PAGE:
Consequences of the increased autonomic nervous drive in hypertension, heart failure and diabetes

Blood Press Suppl. 1998;3:5-13. doi: 10.1080/080370598438410-1.


It is estimated that 40 million people in the USA have hypertension, 14 million are diabetic and 4 million suffer congestive heart failure. Since all three conditions are age-related, as the longevity in industrialized societies continues to improve, the overall burden of congestive heart failure, hypertension and diabetes will increase. These major diseases of civilization are characteristically associated with an increased autonomic cardiovascular drive. In our terminology the output that emanates from the central nervous system via sympathetic and parasympathetic efferents is referred to as "tone". The overall "drive" depends on the balance between inhibitory (parasympathetic) and excitatory (sympathetic) tone and the organ's responsiveness to that tone. The responsiveness, in turn, depends on the receptors' properties as well as on the intrinsic functional or anatomic properties of the responding organs. These components can change independently. For example, in the course of hypertension the alpha-adrenergic responsiveness increases whereas the beta-adrenergic responses are down-regulated. Another example is: plasma noradrenaline and sympathetic tone are increased in elderly subjects but their circulation does not show any tell-tale response of increased sympathetic tone, presumably because the responses to sympathetic tone decrease with aging. These complex interactions between the autonomic tone and organ responsiveness determine to a great extent the overall clinical impact of the autonomic abnormality in hypertension, non-insulin-dependent diabetes mellitus and in congestive heart failure. The major thesis of this review is that, whether primary or secondary, whether easily discerned or hidden, an enhanced autonomic drive, independent of the underlying condition, greatly increases the risk of poor cardiovascular outcomes. It follows that targeting the underlying autonomic imbalance in congestive heart failure, hypertension and diabetes may not only be pathophysiologically sound but such an approach may also lead to better outcomes.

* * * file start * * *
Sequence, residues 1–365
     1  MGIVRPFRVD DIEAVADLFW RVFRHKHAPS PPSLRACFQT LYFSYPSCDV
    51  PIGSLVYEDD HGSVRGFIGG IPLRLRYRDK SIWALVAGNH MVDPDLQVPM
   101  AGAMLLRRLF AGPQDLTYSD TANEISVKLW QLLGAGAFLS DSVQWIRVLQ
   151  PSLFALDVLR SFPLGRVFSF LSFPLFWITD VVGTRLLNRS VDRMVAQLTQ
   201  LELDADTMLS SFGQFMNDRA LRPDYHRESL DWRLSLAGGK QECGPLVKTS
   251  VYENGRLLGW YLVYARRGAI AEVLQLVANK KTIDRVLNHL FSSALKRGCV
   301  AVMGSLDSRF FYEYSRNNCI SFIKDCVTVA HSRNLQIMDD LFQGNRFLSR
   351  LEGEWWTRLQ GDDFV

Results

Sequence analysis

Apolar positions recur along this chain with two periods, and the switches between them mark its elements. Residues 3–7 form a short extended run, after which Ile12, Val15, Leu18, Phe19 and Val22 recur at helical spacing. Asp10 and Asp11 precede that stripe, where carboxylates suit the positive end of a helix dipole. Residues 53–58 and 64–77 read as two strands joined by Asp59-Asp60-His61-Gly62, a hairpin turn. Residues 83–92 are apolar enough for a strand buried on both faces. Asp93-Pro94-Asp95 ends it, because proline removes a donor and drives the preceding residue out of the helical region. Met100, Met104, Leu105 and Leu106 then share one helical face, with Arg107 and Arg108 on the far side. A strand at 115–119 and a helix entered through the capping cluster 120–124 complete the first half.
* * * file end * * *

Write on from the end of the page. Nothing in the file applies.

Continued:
Publication types

  • Review

MeSH terms

  • Animals
  • Autonomic Nervous System / physiopathology*
  • Cardiovascular System / innervation
  • Diabetes Mellitus, Type 2 / physiopathology*
  • Heart Failure / physiopathology*
  • Humans
  • Hypertension / physiopathology*